Looking into a fiberglass pool and I have lots of questions!

Jdecast1

Member
Oct 27, 2018
10
Liberty, NY
Hi everyone!

IÂ’m new to TFP but IÂ’ve learned so much over the last couple of days poking around!

I really just started seriously considering a pool this year. IÂ’ve wanted one for as long as I can remember and no matter what I set as a goal it seems something comes up, itÂ’s time for me to take the plunge. I live in Upstate NY so I have a short pool season and an awful sloped, probably rock filled back yard.

IÂ’ve talked to two installers. IÂ’ve tried to reach about 15 and these are the only two that have reached out to schedule a site visit. IÂ’m hoping this is because itÂ’s not typical pool installing season but IÂ’m not sure. Anyways, sorry for getting side tracked - one is a Viking dealer and the other a Leisure dealer.

The Leisure dealer does everything from pool to pavers and fencing. I love the idea of having one guy do everything however, IÂ’m looking for about 30 feet and nothing in the Leisure line IÂ’m in love with. I like the kidney shaped Tuscany but the dealer said you lose so much space and for roughly the same amount of money I should go with the Supreme which is bigger and a little deeper (I started this process convinced I wanted a true deep end). Has anyone installed the Leisure Tuscany? Or a kidney shape in general? Any complaints in size? ItÂ’s really just the shape that if I could specify everything I would be drawn to hands down. I guess I should tell you IÂ’ve chosen fiberglass over vinyl because it seems maintenance wise itÂ’s a good choice and I have two dogs, one is a Newfoundland - so 160lbs of fluff that LOVES to swim. This dealer also told me I should use an area about 20-30ft away from the entrance into my backyard to avoid retaining walls.. this area is sunken down and to the right of the area I was hoping to put it. He has only one bad review online that I can overlook, every other review is 5 Stars, he does you tube videos of his installs and overall IÂ’m very impressed with his work. The downside is price. I do want some lights and deck jets to make it seem like itÂ’s a high end pool I suppose but nothing crazy, no real water features or spa or anything and my quote was $85k. Again, I am in NY so I wasnÂ’t thinking itÂ’s a rip off but $85k is a lot of money.

Now lets go to the Viking dealer. He told me he wouldn’t have a problem putting the pool where the first guy said absolutely not. This guy was concerned with the other’s spot due to it being a low spot and drainage concerns. This guy has been doing Fiberglass pools for 30 years, however his reviews have some more bad experiences. Overall a 3.5 Star. He said there may have to be some building up with dirt to level the yard but I have property and places to steal dirt from that would make this an ok option. I am in love with the Viking Sea Breeze. It’s the kidney shaped pool I want. The only problem is the deep end would be closest to the entrance of the pool (closer to my back door) and the steps would be further down. Has anyone had to do something like this? Would this be something I regret? I don’t see it as a big deal but my dad seemed to be hung up on this point when I said it to him. Another option would be the St Thomas. We can position it “correctly” with the step logically where they should be and I would get a 7 ft deep end! :D Or he has some pools on the lot that are discounted. One is a Liberty Lincoln (not truly kidney shaped but closer lol) or a Roman that the manufacturer I’m unsure of but it does have a 6 ft deep end. I’m pretty sure I’ll go and look at these discounted options because they’re about $20k less and the original price maybe started to scare me. But, I’m not in love with either at this point. To be fair, I think every pool I’ve ever seen in person is rectangular. The quote for the Sea Breeze with concrete and fencing (not the pool dealer but guys he works with extensively) is $75k. The Sea Breeze is the most expensive so we’ll be conservative.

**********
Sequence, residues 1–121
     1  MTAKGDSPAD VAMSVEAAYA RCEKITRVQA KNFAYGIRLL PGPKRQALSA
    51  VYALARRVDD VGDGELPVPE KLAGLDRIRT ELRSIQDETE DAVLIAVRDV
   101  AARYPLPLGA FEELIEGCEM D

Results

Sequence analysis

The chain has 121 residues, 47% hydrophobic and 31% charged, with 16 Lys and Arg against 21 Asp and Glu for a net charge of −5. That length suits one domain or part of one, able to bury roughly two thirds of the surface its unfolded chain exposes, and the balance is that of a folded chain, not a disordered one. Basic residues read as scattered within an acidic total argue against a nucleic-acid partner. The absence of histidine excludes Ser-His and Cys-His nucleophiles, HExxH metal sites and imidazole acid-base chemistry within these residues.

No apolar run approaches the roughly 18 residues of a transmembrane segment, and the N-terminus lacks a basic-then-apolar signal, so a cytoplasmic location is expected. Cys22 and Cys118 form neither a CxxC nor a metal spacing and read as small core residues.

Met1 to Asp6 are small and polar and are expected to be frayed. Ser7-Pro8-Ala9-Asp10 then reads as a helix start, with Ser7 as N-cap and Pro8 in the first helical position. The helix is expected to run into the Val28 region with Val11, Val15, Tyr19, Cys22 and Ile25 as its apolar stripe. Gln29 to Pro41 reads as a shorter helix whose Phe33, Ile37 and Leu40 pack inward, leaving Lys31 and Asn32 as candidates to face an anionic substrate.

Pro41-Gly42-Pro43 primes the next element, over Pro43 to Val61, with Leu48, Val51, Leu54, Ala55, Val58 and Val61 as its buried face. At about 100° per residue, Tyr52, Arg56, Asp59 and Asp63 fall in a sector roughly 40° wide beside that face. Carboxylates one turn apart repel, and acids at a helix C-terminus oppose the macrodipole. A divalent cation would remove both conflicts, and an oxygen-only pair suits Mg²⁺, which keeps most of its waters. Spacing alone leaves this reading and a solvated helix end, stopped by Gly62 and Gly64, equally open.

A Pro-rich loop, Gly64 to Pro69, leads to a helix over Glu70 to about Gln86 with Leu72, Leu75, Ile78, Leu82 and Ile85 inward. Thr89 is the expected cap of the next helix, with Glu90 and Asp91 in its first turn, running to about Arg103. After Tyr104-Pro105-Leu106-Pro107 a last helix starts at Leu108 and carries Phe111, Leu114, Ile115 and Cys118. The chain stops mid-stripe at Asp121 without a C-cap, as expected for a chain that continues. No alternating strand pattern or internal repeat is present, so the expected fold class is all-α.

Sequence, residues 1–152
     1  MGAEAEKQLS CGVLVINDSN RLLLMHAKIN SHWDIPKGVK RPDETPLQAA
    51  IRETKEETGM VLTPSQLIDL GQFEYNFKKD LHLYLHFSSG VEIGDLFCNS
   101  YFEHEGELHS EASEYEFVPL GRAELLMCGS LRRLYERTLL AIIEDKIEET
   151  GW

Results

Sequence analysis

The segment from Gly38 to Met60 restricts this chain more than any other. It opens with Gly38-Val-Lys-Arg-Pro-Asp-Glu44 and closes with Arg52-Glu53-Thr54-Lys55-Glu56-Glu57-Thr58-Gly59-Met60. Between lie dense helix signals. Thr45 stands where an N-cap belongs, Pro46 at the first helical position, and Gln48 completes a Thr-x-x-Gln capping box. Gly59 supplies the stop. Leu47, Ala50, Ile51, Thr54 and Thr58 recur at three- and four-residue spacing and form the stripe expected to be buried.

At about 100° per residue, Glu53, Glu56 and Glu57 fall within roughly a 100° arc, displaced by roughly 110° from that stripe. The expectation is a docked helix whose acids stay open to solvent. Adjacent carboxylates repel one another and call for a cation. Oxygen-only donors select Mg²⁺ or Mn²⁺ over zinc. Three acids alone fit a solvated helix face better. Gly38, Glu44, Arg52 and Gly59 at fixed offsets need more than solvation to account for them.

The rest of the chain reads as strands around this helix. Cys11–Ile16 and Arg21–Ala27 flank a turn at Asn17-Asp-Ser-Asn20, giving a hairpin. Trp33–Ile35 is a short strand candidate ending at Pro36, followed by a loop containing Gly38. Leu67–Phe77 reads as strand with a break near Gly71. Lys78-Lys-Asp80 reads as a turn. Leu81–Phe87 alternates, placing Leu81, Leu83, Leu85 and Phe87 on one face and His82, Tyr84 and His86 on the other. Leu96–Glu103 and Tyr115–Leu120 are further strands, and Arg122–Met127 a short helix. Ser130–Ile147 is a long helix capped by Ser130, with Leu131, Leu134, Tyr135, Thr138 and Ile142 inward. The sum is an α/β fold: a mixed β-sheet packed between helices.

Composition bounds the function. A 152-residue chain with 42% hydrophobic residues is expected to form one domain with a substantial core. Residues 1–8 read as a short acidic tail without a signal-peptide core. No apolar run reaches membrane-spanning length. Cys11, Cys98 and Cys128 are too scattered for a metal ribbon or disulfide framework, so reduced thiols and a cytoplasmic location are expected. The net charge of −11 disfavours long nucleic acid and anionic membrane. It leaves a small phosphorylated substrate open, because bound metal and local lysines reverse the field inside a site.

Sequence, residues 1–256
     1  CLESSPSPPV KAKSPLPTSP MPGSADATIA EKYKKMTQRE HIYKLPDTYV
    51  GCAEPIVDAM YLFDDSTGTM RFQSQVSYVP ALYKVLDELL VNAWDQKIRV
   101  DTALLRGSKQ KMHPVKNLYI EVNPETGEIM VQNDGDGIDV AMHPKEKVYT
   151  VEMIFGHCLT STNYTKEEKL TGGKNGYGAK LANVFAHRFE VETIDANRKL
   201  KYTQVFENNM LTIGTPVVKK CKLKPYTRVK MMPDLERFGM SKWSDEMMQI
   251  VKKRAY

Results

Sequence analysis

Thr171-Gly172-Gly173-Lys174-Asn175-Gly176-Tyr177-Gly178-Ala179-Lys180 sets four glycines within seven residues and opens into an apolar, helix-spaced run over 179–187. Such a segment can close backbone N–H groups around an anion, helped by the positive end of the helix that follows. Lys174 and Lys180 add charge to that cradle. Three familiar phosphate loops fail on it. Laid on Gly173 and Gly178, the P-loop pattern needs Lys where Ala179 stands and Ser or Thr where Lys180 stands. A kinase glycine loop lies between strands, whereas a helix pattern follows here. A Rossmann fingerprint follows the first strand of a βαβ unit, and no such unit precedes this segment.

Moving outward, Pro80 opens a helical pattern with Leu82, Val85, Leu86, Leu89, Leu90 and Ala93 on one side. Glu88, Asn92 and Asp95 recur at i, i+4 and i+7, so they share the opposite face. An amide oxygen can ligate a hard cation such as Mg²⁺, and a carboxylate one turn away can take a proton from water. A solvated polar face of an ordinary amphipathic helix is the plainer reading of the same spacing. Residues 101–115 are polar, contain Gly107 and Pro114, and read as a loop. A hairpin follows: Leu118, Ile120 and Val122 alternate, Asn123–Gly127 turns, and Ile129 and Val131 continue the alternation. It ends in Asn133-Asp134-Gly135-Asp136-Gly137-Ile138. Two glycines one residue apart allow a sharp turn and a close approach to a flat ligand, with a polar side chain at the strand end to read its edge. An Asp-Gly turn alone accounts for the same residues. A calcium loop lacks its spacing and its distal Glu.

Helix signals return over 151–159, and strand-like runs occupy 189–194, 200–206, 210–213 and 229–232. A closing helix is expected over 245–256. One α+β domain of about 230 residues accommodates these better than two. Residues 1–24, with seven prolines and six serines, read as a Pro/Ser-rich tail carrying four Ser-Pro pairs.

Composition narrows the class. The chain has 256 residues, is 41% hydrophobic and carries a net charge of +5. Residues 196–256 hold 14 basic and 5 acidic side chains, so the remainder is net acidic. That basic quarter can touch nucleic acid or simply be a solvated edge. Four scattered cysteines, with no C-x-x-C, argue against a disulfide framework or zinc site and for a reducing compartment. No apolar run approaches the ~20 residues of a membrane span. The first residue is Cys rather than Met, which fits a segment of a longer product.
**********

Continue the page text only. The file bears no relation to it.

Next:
IÂ’m incredibly torn about what to do. The conflicting site problem is a major concern for me. I also had my bf and dad at both site visits and they are on opposite ends of the spectrum. My bf loved the Leisure guy, my dad the Viking. I am a little concerned about the bad reviews of the Viking dealer but I will say I think people are more likely to say bad than good.. so maybe IÂ’m trying to give him the benefit of the doubt?